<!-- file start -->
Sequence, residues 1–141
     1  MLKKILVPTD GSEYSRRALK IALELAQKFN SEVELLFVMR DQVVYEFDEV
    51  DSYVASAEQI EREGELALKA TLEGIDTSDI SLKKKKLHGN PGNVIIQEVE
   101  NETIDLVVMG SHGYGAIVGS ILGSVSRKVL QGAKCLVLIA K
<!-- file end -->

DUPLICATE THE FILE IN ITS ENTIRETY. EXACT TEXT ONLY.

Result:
Sequence, residues 1–141
     1  MLKKILVPTD GSEYSRRALK IALELAQKFN SEVELLFVMR DQVVYEFDEV
    51  DSYVASAEQI EREGELALKA TLEGIDTSDI SLKKKKLHGN PGNVIIQEVE
   101  NETIDLVVMG SHGYGAIVGS ILGSVSRKVL QGAKCLVLIA K